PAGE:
When I’m reading fiction, pacing is everything. It’s because I see literature as a dance. The author takes the lead. The reader follows. The sentences wind and, hopefully, the reader makes the pages turn.
Though reader and writer remain two separate entities, the connection that binds them is intimate—it flows out of the language. Yet there is a temporal component as well. Writing as an art form is overwhelmingly linear, perhaps more so than any other. Each piece of writing is read word by word, line by line, regardless of size or complexity. To achieve basic coherence, let alone literary quality, the sequence of letters, words, and clauses must be exact. The sentence is a finely tuned mechanism. String enough of them together into a story, and you have something much larger, grander.
Imagine a freight train, a machine of pure language barreling forward in time.
Pacing is crucial, because it’s the direct control of this constant linear progress by the author. It’s their foot on the pedal, directing the narrative’s speed.
In terms of a fast paced, engaging story, I can think of no better example from the last few years than Jeff Vandermeer’s Annihilation. There’s simply no better word to describe it than “gripping”. The story of a group of scientists on a research expedition to the quarantined sight of an undefined environmental or perhaps extraterrestrial event known as “Area X”, the novel is a masterpiece of speculative fiction. To say too much would ruin the novel for future readers, suffice it to say that from the opening lines the reader is submersed in tension and mystery. The prose ripples with an overwhelming sense of unease. Vandermeer’s achievement is in how expertly he doles out information to the reader while still progressing the action at a steady pace. This is a fast moving book. Yet on every question answered, three more arise, deepening the overall mystery that lies at the heart of the narrative. As the reader progresses things begin to take shape, the larger picture comes into focus, but never entirely. This balancing act between known and unknown is incredibly difficult to pull off, especially in a book as slim and fast-paced as Annihilation, but Vandermeer makes it look effortless, and entices the reader to keep turning the page.
On the other end of the spectrum, is a work like Ben Okri’s The Age of Magic, a book I found just as gripping as Annihilation, but far quieter and calmer in its presentation. Less a novel than an extended meditation, it tells the story of eight filmmakers traveling through the Alps while making a documentary. While Annihilation generates momentum through the interplay of plot and mystery, the spare, deeply deliberate language Okri employs speaks to something more introverted. It is unsurprising he has a background in poetry, considering his predisposition for strong imagery and thoughtfulness, tackling themes both spiritual and metaphysical from oblique, unexpected angles. The book is suffused with the timeless air of a dream. In fact the very first page of the novel shows an image of a luggage tag upon which is written the phrase: “Read slowly”, serving simultaneously as a gentle instruction to the reader as well an allusion to Lewis Carroll’s Alice books. Okri’s chapters are short, few go longer than a page. The “fragmented” nature of such a text invites quick reading, but by controlling the pace, Okri manages to make the reader take their time. They linger on the words, the phrases, the ideas.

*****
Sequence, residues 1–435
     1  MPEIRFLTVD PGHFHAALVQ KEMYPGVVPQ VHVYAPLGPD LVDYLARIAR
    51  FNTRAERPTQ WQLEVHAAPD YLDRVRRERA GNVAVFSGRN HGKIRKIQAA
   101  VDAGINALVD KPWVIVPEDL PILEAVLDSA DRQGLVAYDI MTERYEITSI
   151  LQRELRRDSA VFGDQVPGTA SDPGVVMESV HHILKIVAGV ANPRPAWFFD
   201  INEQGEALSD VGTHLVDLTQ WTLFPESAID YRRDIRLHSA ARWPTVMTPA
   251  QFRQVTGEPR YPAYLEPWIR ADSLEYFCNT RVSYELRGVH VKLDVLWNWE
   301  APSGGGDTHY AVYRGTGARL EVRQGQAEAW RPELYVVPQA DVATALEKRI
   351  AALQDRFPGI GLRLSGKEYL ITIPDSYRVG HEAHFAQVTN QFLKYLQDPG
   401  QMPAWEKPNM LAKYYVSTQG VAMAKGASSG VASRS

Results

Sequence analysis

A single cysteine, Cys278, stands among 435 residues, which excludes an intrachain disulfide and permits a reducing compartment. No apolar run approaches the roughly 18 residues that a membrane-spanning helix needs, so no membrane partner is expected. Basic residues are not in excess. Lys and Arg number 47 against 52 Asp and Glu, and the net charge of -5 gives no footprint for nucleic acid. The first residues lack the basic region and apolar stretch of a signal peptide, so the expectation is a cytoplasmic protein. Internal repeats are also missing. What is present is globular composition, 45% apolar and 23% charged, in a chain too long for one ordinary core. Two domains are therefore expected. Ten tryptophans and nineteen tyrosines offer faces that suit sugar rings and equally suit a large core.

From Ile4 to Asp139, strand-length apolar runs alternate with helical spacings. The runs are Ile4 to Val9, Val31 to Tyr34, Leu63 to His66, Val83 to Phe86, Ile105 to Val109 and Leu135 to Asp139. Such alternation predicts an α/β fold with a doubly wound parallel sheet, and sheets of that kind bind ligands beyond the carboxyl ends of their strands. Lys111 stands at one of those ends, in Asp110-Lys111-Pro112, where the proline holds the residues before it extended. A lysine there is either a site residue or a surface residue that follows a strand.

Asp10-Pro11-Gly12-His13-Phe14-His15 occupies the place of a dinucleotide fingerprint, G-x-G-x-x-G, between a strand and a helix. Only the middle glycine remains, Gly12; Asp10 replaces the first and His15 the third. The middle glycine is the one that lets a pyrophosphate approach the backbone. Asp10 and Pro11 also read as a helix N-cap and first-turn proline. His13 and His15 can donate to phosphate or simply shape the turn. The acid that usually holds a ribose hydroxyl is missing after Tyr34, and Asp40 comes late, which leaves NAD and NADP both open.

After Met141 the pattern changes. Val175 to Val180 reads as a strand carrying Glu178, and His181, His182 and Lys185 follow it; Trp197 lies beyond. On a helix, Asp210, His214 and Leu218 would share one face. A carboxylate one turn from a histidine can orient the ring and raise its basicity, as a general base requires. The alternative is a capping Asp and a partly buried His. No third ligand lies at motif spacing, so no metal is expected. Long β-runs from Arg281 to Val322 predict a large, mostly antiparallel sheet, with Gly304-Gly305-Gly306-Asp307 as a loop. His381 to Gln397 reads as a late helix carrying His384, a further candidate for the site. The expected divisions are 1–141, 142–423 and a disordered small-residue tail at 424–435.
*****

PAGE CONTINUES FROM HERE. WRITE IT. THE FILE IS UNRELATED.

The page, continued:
I read Annihilation one afternoon in about three hours. I simply could not put it down. I had to know what was happening. The Age of Magic has a roughly similar word count, but took me over a week. There was just as much to “discover” in Okri’s book, it was simply that the territory it set out to explore was of a more intimate and contemplative nature, as such, his far more relaxed pacing facilitated this inward journey.
As with all elements of writing, there’s no one way to do it. No single pace will see you through every story you wish to tell. What matters is knowing both yourself and the narrative you’re trying to write, and settling on a tempo that allows that narrative to simply be what it needs to be. Unfolding in time to meet its true potential. Expressing itself in its finest form.
Prompt 1: A mother just returned home from the doctor’s, diagnosed with lung cancer. Compose a scene or short story exclusively through dialogue where she informs her family. Leave description behind and let the back and forth between the characters drive your prose.
Prompt 2: You find yourself wandering a series of dark hallways. You hear a distant, muffled sound. Feel a presence somewhere behind you. A door creaks. What do you see when you turn to look behind you? What happens after you break into a run?
Bob Schofield is an American writer of British, Chinese, Pakistani, and Egyptian descent. He currently lives in the Netherlands. He is the author and illustrator of The Inevitable June, Man Bites Cloud, and Moon Facts. He likes what words and pictures do. He wants to be a ghostly presence in your life.